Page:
The Incredible True Story of Ireland’s First Nacho
WHILE the humble Mexican snack now seems a delicious staple in modern Ireland that we take for granted, the story of how the first nachos were transported to Ireland is rarely discussed, but it is a remarkable feat of Irish determination and ingenuity.
Single-handedly dragging Irish urbane existence away from the ham and cabbage days of snack foods which defined Ireland in the early 2000s, Irish households now seem excitedly cosmopolitan regardless of each house’s proximity to a cow shed. And this underappreciated reality is all the work of Mayo man, Seanie O’Herlihy.
Seanie, an impressive 31 years of age today, spoke with WWN of the circumstances which saw him venture to Mexico all those years ago in 2002.
“Mam was having a conniption fit because the new neighbours had moved in across the way and they were from south Dublin, real city slickers. She had invited them over for tea and biscuits, you know, as a ‘getting-to-know-one-another’ sort of thing,” Seanie explained.
Maureen O’Herlihy, Seanie’s mother had been keenly planning her tea and biscuit reception of Dublin born neighbours the Ryans for weeks.
The pressure had been steadily building on Maureen as she discovered the presence of a brand new 2002-D car in the Ryans’ driveway, when disaster, unforeseen by the mother of 12, struck.
“The good biscuit tin, that was normally reserved only for visiting Popes and the like, was empty,” Seanie explained, as his face vividly recalled the horror that befell his family that Friday evening. “I used to get awful hungry, and I had eaten the whole tin the week before, but said nothing for fear of getting in trouble”.
“The Ryans were due over on the Saturday morning, and there was no shop nearby open that did the fancy tins, so Mam just fell apart,” Seanie added.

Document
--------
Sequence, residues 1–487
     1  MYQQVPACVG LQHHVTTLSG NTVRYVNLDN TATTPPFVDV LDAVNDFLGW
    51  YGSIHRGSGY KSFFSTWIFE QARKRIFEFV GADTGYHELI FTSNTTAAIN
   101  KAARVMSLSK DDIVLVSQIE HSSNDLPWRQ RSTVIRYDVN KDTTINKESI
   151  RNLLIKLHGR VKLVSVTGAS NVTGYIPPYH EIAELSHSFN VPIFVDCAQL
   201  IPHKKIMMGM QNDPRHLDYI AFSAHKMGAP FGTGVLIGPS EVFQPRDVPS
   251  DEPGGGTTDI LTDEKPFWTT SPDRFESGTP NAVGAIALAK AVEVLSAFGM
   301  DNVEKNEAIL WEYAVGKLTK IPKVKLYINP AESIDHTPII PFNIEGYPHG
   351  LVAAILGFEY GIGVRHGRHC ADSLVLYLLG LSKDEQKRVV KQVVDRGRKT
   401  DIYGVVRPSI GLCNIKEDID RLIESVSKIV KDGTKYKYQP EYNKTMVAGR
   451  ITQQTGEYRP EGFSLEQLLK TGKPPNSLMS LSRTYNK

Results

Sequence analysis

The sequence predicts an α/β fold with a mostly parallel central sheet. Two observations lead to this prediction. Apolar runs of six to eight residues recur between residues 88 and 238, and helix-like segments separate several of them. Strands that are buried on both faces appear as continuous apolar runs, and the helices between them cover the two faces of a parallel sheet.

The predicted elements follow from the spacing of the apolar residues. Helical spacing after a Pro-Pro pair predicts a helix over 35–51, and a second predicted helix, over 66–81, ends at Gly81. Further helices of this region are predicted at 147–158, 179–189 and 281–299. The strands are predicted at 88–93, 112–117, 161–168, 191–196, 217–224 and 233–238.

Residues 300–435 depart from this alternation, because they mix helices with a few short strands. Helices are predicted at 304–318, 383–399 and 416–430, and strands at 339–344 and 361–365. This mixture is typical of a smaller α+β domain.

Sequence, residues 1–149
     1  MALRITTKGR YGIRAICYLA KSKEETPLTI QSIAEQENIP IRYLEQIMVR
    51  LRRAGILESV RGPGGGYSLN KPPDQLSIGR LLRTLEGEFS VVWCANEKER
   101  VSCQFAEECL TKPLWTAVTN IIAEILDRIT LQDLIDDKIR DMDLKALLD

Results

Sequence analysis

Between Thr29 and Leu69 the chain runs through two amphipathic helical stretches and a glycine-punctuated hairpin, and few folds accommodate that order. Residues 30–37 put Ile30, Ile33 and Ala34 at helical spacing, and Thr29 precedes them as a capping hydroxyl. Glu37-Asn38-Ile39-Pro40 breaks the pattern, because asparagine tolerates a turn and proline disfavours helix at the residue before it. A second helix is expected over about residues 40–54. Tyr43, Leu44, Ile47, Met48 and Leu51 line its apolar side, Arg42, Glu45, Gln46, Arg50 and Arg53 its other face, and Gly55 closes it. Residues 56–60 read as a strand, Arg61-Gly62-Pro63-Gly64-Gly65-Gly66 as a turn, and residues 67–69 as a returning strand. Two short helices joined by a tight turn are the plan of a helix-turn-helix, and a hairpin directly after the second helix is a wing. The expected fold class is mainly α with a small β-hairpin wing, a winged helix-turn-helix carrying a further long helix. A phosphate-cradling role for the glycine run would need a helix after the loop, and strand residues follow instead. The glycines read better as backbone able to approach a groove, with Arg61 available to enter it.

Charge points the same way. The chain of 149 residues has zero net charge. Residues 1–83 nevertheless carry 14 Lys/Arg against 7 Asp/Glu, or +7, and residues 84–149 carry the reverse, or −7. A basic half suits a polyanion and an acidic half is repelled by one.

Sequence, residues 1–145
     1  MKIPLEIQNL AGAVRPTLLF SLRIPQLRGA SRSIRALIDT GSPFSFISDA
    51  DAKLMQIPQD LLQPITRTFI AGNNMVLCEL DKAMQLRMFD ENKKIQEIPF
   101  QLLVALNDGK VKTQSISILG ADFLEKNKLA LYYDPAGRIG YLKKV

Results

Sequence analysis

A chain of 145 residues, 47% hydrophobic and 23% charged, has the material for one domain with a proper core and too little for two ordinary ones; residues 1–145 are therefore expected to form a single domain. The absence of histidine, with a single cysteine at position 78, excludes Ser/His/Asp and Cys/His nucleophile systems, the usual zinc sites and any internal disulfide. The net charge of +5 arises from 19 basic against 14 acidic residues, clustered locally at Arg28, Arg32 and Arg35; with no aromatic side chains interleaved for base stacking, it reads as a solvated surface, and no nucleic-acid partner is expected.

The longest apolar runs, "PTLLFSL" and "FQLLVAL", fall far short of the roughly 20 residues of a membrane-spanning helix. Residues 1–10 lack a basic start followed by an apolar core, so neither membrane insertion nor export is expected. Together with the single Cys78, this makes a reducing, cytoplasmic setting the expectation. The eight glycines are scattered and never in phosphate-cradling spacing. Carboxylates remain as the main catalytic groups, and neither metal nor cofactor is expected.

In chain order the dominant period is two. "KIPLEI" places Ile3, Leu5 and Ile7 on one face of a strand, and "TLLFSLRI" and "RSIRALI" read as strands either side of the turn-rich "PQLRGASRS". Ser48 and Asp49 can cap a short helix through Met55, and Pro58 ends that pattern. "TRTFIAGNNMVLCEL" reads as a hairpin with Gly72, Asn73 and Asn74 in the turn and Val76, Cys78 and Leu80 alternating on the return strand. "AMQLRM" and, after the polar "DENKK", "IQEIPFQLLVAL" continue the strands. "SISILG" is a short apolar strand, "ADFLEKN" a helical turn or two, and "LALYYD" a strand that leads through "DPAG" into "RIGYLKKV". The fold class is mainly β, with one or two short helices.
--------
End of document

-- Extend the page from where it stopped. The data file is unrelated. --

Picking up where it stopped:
Fearing for his mother’s mental health and social standing within the local community, Seanie took the only action he thought that could to rescue the situation. With no other snacks worthy of a ‘fancy Dublin family’ in the house, Seanie immediately headed for Mexico.
“Ha, it seems a bit random when you say it like that, but Mam was always banging on about her Mexican cousin Nacho O’Herlihy, who was renowned in Mexico for creating the perfect finger food, that could really break the ice at all functions, be they office parties, friends chilling out or inviting over some Dubs that were obviously up themselves”.
Admitting that perhaps there were easier options, Seanie made the incredible journey to Mexico by boarding a canoe in nearby Galway and setting out for Mexico at breakneck speed.
“Ah, people make a bit too much of the fact I managed to paddle 7,331km and back again in about 18 hours, but I had a bit wind with me, and you’d have wanted to see how angry Mam was when she saw the good biscuit tin was empty,” Seanie said of paddling ashore at Cancún, Mexico.
Rowing experts estimate the fear of one’s mother’s wrath is 1,000 times more potent than any performance enhancing drug.
The intrepid Mayo man’s journey home was going relatively well, until devastating hunger pangs put his return at risk.
“The nachos were in front of me in the canoe the whole time, the smell of them had me hungry. I tried to resist, but I gave in somewhere out in the middle of the Atlantic Ocean,” Seanie admitted, the shame clear on his face.
Gorging on the snack was an otherworldly experience for Seanie, who had up until this point lived entirely on a diet of bacon, cabbage and cold Mayo nights.
“I was delirious with the taste. I went into a sort of nacho trance whereby you go to eat just the one, but before you know it you’ve eaten all of them. I’ve since been told by nacho experts that this is quite common, but it was all new to me,” Seanie said salivating at the thought of that fateful night.
The next 1,000km went by in a blur and Seanie was suddenly ashore. Having failed his mother once more, and faced with the prospect of a Dublin family laughing at his family’s supposedly unsophisticated ways Seanie was at rock bottom until a moment of good fortune befell him.
“I had a small bit of nachos stuck to my chin, and I thought if I got this to some food experts, they could reproduce it and I’d save the day and more importantly my Mam wouldn’t kill me”.
Seanie immediately got in touch with a friend who worked for a local food manufacturer, and created what was the country’s first ever nacho. The Mayo man returned to his family home immediately to present the snacks to his mother and new neighbours.
How did the nachos do down?
“Sure Mam tore into the nachos before the Ryans arrived so she just didn’t answer the door when they rang the doorbell”.